Boots, Next and Marks & Spencer (M&S) are among the 20 major retailers who have this week pledged to jointly develop a net-zero roadmap for the retail sector, with a target more ambitious than the national 2050 requirement.

Grocery, food-to-go and fashion retailers are particularly well-represented in the cohort

Grocery, food-to-go and fashion retailers are particularly well-represented in the cohort

In a declaration coordinated by the British Retail Consortium (BRC), the coalition of retailers vowed to publish a roadmap in the run-up to COP26 in Glasgow, which was due to take place this winter but has now been postponed to November 2021.

The group will work with each other, environmental experts from the BRC and third parties to define the roadmap’s overarching pre-2050 deadline and create specific, time-bound measures towards complete net decarbonisation.

Three key areas, regarded as the UK retail sector’s largest sources of emissions, will be analysed: upstream supply chains, customers and direct operations. The latter of these pillars covers shops, distribution centres, warehouses, transport and logistics.

The BRC claims that there is currently no other net-zero roadmap for the UK’s retail sector that encompasses all of these emissions sources.

“We recognise that as retailers we are uniquely placed to support the UK’s journey to a low-carbon future,” the Consortium’s declaration states.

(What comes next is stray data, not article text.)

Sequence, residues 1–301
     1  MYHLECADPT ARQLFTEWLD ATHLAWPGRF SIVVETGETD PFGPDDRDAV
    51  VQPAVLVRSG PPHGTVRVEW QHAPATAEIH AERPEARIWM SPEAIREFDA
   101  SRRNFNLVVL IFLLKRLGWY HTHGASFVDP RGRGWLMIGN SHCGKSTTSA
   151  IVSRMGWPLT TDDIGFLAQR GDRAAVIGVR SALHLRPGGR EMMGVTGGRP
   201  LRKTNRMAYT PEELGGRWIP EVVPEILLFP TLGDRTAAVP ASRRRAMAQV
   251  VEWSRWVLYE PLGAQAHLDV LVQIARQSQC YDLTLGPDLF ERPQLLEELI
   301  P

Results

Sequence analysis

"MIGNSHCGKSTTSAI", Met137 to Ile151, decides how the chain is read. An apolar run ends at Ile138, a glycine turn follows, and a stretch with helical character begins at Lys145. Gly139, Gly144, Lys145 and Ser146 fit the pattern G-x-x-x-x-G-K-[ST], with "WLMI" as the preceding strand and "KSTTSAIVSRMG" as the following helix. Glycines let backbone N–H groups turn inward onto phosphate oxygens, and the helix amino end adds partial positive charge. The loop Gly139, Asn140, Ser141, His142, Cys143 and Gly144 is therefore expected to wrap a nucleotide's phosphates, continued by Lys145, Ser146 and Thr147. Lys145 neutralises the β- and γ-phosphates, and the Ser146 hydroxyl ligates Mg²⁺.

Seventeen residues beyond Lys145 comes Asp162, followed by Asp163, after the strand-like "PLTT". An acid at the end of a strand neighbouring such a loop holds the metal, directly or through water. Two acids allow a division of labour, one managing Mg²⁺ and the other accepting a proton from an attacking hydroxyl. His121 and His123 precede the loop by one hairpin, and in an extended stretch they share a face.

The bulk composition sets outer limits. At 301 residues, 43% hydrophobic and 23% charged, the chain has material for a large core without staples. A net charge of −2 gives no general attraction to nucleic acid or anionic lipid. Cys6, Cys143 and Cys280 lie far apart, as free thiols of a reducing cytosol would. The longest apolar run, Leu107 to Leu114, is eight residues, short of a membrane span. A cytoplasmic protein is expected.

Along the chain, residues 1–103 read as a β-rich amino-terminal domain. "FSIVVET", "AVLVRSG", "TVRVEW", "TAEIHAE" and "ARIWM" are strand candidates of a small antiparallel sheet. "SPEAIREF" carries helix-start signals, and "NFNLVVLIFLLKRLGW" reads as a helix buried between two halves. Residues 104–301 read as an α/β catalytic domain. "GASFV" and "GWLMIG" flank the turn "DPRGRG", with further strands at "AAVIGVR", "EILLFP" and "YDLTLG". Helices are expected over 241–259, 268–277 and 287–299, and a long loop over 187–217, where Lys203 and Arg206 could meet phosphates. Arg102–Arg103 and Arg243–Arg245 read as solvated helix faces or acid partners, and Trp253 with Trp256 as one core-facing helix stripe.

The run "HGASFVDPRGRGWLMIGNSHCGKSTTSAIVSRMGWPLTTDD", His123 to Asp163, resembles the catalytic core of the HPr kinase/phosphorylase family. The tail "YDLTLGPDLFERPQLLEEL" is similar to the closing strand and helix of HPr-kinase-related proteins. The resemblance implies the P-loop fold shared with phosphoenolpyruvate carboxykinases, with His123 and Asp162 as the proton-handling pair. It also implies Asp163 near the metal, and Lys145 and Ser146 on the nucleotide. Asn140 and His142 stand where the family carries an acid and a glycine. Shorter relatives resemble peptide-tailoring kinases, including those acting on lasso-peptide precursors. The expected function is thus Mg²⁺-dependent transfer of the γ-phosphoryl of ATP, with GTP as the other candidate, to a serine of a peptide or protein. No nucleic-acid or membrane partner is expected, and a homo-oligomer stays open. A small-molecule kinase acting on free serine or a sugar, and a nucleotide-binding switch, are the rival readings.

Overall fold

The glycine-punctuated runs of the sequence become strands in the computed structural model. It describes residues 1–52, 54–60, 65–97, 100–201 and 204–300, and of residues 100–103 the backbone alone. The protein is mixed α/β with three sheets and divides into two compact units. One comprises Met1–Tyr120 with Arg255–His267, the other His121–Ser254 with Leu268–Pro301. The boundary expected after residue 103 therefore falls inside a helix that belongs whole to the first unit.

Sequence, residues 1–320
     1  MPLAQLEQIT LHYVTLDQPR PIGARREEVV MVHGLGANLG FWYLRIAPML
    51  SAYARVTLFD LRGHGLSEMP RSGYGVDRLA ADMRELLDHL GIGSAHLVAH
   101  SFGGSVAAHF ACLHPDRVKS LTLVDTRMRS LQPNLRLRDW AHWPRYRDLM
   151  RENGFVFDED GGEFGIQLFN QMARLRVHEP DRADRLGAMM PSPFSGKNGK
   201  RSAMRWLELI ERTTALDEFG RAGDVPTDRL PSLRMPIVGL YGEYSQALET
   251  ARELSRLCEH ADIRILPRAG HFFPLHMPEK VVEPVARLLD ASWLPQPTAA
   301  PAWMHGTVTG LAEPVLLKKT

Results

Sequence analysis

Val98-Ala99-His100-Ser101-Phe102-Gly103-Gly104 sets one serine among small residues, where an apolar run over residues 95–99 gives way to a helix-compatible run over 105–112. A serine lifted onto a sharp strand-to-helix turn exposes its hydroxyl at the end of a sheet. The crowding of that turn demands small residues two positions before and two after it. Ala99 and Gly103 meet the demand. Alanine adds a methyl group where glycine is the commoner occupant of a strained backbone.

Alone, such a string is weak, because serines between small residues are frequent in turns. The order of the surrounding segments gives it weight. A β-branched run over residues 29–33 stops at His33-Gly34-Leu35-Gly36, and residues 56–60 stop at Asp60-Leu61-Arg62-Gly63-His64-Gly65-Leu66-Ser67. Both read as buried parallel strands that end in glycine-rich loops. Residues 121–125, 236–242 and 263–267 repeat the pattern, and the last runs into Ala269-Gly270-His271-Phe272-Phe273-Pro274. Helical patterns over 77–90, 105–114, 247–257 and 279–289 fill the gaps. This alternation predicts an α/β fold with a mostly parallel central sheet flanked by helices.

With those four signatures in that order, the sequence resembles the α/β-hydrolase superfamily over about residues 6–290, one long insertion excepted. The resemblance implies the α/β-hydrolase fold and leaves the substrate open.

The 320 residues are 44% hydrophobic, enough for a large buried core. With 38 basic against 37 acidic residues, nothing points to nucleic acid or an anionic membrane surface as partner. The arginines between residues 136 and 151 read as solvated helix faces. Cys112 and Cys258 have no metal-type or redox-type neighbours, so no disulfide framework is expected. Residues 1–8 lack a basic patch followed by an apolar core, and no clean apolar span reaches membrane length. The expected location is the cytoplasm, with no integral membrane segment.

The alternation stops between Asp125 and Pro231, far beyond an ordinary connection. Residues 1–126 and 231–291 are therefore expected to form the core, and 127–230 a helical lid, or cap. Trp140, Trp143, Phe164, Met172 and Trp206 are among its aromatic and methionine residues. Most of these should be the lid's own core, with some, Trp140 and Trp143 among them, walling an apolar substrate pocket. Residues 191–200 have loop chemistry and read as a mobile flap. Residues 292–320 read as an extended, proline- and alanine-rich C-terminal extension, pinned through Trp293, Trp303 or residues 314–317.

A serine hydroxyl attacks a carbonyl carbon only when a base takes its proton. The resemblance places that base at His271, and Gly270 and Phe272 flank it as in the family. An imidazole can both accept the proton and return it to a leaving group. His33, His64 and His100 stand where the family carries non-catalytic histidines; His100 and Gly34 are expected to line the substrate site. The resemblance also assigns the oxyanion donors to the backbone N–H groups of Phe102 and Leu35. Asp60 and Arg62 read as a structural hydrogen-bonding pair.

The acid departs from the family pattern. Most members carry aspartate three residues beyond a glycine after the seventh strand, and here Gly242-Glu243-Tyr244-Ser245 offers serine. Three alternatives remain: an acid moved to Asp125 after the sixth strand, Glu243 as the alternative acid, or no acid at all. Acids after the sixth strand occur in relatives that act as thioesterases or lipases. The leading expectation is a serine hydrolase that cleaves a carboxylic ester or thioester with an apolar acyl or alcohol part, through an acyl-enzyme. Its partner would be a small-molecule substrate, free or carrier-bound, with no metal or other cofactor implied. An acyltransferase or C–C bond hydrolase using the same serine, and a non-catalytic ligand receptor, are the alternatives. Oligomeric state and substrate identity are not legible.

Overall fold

“By working collectively with our employees, customers, suppliers, Government and other stakeholders, we are confident we can overcome the shared barriers we face to tackling climate change and help the UK lead the way towards a better society and a better planet.”

Signing the declaration are Aldi UK, Amazon UK, the Booksellers Association of the UK & Ireland, Boots UK, Central England Co-operative, Co-op, Costa Coffee, Dixons Carphone, Greggs, IKEA UK & Ireland, Kingfisher, Lidl GB, M&S, Missguided, Musgrave, Next, Ocado, TJX, WH Smith and Morrison’s. Several of these firms have already unveiled net-zero targets deadlined at 2050 or sooner.

The BRC’s hope is that, once published, additional retailers will commit to following the roadmap on a voluntary basis. The Government could then mandate some or all of its facets, or simply run communications promoting the tool.

Feeling the crunch

The announcement for the BRC comes at a challenging time for the retail sector. Non-essential retailers in the UK were first permitted to open after lockdown on 23 June, meaning that those without online channels faced a complete halt in sales. Even businesses with online stores have faced challenges with social distancing in warehouses or the supply chain, and with changing consumer demands as lifestyles and budgets altered overnight.

According to the BRC, lockdown cost non-essential retailers a collective total of £1.8bn per week in lost sales. As the UK emerges into some form of ‘new normal’, many retailers have taken the decision to reduce their estates and staff bases, including John Lewis and Harrods. Others, such as TM Lewin, Bensons for Beds and Laura Ashley, have filed for administration.

Nonetheless, the BRC does not believe that climate change has fallen down the agenda for the sector.

Sarah George